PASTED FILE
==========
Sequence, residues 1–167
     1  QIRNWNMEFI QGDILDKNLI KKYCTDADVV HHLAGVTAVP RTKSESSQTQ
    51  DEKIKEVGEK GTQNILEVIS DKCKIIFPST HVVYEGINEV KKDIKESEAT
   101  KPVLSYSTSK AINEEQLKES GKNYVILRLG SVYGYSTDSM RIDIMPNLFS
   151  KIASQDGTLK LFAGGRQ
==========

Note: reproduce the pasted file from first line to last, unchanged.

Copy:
Sequence, residues 1–167
     1  QIRNWNMEFI QGDILDKNLI KKYCTDADVV HHLAGVTAVP RTKSESSQTQ
    51  DEKIKEVGEK GTQNILEVIS DKCKIIFPST HVVYEGINEV KKDIKESEAT
   101  KPVLSYSTSK AINEEQLKES GKNYVILRLG SVYGYSTDSM RIDIMPNLFS
   151  KIASQDGTLK LFAGGRQ